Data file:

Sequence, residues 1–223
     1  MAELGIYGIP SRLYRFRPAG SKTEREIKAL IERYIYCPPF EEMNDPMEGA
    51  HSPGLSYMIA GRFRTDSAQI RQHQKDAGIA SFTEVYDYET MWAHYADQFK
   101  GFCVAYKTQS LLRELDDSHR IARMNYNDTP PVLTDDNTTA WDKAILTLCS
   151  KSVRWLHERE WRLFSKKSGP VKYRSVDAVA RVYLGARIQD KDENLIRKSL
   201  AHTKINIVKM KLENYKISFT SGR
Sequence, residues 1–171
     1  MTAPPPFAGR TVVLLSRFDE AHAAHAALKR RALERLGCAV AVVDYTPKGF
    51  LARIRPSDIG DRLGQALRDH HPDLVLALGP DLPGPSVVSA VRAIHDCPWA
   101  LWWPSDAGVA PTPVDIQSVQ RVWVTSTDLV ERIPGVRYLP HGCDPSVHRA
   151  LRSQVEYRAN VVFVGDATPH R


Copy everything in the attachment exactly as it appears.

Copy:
Sequence, residues 1–223
     1  MAELGIYGIP SRLYRFRPAG SKTEREIKAL IERYIYCPPF EEMNDPMEGA
    51  HSPGLSYMIA GRFRTDSAQI RQHQKDAGIA SFTEVYDYET MWAHYADQFK
   101  GFCVAYKTQS LLRELDDSHR IARMNYNDTP PVLTDDNTTA WDKAILTLCS
   151  KSVRWLHERE WRLFSKKSGP VKYRSVDAVA RVYLGARIQD KDENLIRKSL
   201  AHTKINIVKM KLENYKISFT SGR
Sequence, residues 1–171
     1  MTAPPPFAGR TVVLLSRFDE AHAAHAALKR RALERLGCAV AVVDYTPKGF
    51  LARIRPSDIG DRLGQALRDH HPDLVLALGP DLPGPSVVSA VRAIHDCPWA
   101  LWWPSDAGVA PTPVDIQSVQ RVWVTSTDLV ERIPGVRYLP HGCDPSVHRA
   151  LRSQVEYRAN VVFVGDATPH R